Back in the 2009 City Attorney’s race, in a response to a question about pursuing low-level marijuana cases, Tom Carr replied:
You’re apparently reading from the Stranger. You’re talking about relatively small numbers. We do between a hundred and 200 cases a year. Whether we prosecute depends on the report that’s in front of us; whether or not it’s a case. Most of our marijuana cases are cases that come in when we’ve got another crime, so someone gets in a bar fight and they have marijuana in their pocket. That’s pretty much all we do.
So now that Pete Holmes has taken over Carr’s office and announced that he’s no longer prosecuting people for marijuana possession, what’s he finding out?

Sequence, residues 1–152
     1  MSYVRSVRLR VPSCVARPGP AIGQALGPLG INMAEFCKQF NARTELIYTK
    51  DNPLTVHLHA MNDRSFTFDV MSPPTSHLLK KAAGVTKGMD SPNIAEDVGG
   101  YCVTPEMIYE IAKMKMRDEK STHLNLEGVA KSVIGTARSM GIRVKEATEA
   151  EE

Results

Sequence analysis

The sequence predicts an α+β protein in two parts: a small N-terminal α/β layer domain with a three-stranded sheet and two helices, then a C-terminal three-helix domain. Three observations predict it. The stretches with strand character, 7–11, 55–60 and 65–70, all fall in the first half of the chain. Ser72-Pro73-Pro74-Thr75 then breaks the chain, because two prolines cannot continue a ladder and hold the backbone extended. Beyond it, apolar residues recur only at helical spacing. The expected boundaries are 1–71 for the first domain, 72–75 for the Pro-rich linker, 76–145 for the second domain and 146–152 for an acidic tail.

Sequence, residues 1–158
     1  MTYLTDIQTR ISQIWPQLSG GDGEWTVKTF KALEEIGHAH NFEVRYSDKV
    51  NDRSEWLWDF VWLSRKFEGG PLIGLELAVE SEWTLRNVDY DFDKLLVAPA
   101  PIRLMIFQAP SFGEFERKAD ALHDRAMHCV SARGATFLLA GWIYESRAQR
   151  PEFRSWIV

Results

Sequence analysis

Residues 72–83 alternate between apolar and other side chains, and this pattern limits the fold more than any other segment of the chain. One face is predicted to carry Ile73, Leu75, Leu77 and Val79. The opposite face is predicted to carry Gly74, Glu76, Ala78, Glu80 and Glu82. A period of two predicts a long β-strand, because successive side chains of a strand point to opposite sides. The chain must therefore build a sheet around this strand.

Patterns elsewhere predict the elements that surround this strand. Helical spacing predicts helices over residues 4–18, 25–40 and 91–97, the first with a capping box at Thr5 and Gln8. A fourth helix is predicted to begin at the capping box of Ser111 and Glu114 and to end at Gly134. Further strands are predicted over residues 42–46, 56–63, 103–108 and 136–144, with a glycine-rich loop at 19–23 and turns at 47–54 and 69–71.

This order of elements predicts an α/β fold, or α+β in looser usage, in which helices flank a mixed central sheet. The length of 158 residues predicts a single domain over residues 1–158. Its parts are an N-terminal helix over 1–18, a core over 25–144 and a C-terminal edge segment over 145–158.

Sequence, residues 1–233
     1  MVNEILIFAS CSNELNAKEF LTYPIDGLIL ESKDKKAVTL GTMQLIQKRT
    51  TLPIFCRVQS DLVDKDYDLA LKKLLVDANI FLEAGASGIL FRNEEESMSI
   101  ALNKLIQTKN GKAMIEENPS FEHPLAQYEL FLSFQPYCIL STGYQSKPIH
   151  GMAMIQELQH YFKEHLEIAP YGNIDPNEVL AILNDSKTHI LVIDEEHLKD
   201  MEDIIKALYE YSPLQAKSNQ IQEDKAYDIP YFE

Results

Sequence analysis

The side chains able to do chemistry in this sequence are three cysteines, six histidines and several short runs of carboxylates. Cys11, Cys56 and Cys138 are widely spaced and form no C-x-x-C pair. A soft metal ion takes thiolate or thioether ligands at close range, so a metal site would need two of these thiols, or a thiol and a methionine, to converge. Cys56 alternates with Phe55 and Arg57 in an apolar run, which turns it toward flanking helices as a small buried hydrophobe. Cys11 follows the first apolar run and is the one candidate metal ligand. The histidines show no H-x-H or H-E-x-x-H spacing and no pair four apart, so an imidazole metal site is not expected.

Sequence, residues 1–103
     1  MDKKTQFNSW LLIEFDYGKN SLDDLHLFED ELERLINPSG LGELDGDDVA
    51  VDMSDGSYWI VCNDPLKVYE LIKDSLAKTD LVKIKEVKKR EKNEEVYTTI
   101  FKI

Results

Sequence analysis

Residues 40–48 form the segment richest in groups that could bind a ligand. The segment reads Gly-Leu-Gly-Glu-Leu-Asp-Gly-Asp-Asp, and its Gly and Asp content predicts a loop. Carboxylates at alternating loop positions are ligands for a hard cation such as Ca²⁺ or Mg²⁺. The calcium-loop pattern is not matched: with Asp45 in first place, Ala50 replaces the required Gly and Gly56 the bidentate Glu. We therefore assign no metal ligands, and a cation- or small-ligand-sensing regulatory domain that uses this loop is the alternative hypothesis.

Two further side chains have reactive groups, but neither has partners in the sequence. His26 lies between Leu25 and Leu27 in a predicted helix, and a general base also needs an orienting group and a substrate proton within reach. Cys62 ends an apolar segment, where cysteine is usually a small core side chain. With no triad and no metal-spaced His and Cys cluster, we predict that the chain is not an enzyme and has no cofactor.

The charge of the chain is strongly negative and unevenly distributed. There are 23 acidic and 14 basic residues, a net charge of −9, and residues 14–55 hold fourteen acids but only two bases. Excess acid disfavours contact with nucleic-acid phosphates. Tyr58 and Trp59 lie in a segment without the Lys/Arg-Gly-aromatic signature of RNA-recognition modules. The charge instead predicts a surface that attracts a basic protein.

As PubliCola reported (via Twitter) from our Town Hall event with City Attorney Pete Holmes last night, Holmes’ new criminal division director Craig Sims is in the process of reviewing all outstanding marijuana prosecutions pursued by former City Attorney Tom Carr.
Interestingly, although Carr insisted repeatedly that he was only prosecuting cases with associated crimes (e.g., resisting arrest with pot in your pocket), Mulady says most of the cases Sims has reviewed so far are “stand-alone marijuana cases”—the sort of cases the city attorney and police were explicitly instructed not to pursue after the passage of Initiative 75, which made marijuana possession the city’s lowest law-enforcement priority.
No kidding! So an overzealous law enforcement official with a penchant for nanny crusades was lying about what his office was doing? Who could’ve seen that coming?